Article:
Police have arrested a man on suspicion of assaulting a Lyft driver in Santa Ana. According to a news report in The Orange County Register, there is surveillance footage and cell phone video that showed the man punching a Lyft driver in the face after she apparently parked crooked and blocked two spaces while her fare was shopping at a gas station’s mini-mart. The 46-year-old man was arrested and booked on suspicion of assault with a deadly weapon. The incident occurred in the 3400 block of South Main Street in Santa Ana.
The Lyft driver told ABC 7 news that she “accidentally” parked crooked and didn’t realize it. She said the man came up to the front of her car and began yelling. He asked her if she was getting video of him before striking her. He can be seen knocking the driver to the ground, taking her phone and throwing it across the parking lot, and leaving before officers arrived. Investigators used the videos to identify the man and took him into custody.
What is Assault with a Deadly Weapon?
Under California Penal Code Section 245 (a)(1), assault with a deadly weapon is the act of assaulting another person using a deadly weapon or some other instrument, or by the use of force that is likely to cause great bodily injury to another. Some examples of assault with a deadly weapon may include chasing after someone with a baseball bat, pointing a gun at someone to shoot them and driving one’s car into someone.
In order to prove a defendant guilty of assault with a deadly weapon, a prosecutor must prove that the defendant “willfully” assaulted another person with or without a deadly weapon. California’s Penal Code Section 245 (a)(1) provides for penalties to anyone who uses a deadly weapon, an object or instrument other than a firearm or any other means of force that is likely to cause great bodily injury. When we talk about force with a weapon, it could refer to a firearm or any object that is not traditionally considered a weapon such as a baseball bat or a vehicle.
You can also be charged with assault with a deadly weapon if you use force against another person without using a deadly weapon, but in a manner that is likely to cause the other person substantial harm. Examples include pushing, punching, kicking, choking, biting, etc. “Great bodily injury” refers to significant physical injury that is more than just minor or moderate harm. Examples of great bodily injury include broken bones, cuts that require stitches, internal injuries or organ damage, etc.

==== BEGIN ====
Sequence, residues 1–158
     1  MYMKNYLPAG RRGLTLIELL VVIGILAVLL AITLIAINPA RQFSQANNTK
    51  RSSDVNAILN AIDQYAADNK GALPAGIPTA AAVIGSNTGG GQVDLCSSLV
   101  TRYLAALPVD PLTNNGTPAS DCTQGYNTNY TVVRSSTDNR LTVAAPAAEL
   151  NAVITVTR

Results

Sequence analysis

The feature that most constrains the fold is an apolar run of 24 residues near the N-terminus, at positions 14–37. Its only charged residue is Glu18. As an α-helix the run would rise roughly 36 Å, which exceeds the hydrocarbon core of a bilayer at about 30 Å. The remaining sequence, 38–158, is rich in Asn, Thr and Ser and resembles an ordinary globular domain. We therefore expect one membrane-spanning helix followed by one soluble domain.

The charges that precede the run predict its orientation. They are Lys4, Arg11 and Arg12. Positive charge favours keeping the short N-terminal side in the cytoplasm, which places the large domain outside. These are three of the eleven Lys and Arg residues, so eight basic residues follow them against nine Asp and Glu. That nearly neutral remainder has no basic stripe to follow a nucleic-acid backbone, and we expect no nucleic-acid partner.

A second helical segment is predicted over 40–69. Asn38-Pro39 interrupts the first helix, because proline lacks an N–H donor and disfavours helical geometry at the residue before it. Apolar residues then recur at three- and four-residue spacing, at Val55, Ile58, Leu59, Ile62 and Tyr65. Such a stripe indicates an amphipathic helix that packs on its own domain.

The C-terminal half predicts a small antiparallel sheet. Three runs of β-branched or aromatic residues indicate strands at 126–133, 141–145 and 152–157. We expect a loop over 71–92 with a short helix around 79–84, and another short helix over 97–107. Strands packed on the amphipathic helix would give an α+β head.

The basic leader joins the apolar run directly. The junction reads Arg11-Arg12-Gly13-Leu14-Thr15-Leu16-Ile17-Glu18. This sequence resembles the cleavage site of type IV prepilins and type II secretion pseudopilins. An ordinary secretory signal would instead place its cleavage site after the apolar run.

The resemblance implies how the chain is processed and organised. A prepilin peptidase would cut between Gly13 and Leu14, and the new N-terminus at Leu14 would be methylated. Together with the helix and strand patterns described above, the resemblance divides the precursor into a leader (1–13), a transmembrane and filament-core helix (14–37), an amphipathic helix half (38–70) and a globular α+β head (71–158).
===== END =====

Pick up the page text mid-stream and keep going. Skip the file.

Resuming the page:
Defending the Charges
There are several possible ways to defend assault with a deadly weapon charges. One of the most common defenses in such cases is self-defense. If a defendant honestly and reasonably believes that he or she was in danger of suffering injury, he or she is justified in using as much force as is reasonably necessary to fend off the danger. So, if it is determined that you were acting in self defense, you are not guilty of assault with a deadly weapon. Inability to carry out a threat is also a defense in assault with a deadly weapon cases. For example, if you threaten to shoot someone with a gun you said you had tucked away in your waistband, but did not have a gun, then, you are not guilty of assault with a deadly weapon. This is because you did not truly have the ability to carry out the assault.
Another defense that is commonly used in these types of cases is the lack of intent. If you assaulted someone by accident without intending to do so, then you are not guilty. For example, if you accidentally swung a bat intending to hit a baseball, but accidentally hit and injured the person standing behind you, then, you did not commit the crime of assault with a deadly weapon because you did not intend to hurt the person. Finally, there are also times when an individual is falsely accused of a crime. An experienced Orange County criminal defense attorney will know how to gather evidence and talk to witnesses to arrive at the truth and help fight the assault with a deadly weapon charges.
Assault with a deadly weapon is a crime that can be charged as a misdemeanor or as a felony. The decision is made by the prosecutor who will charge it as a misdemeanor or a felony based on the circumstances of the case including the type of the weapon or instrument used to commit the assault, the nature and extent of injuries suffered by victim as a result of the alleged assault and whether the alleged victim was in a category of “protected persons” such as a firefighter or police officer.
A person who is charged with misdemeanor assault with a deadly weapon could face probation of up to five years, up to a year in jail and/or up to $1,000 in fines. The penalties are higher if the assault involves a firearm. A person convicted of felony assault with a deadly weapon faces up to four years in state prison, up to a $10,000 and a “strike” on his or her criminal record pursuant to California’s Three Strikes Law. The penalties increase if firearms were involved in the assault, if the victim was a peace officer or if the alleged assault was gang-related.
Protecting Your Rights
If you or a loved one has been arrested on suspicion of assault with a deadly weapon, it is important that you remain calm and contact an experienced Orange County criminal defense attorney as soon as possible. You need a competent defense lawyer who has the resources to conduct an independent investigation and present your side clearly and convincingly before jurors. If you have been arrested on suspicion of assault with a deadly weapon, do not talk to prosecutors without an attorney present. Call the Law Offices of Randy Collins at (888) 250-2865 for a no-cost, no-obligation consultation and case evaluation.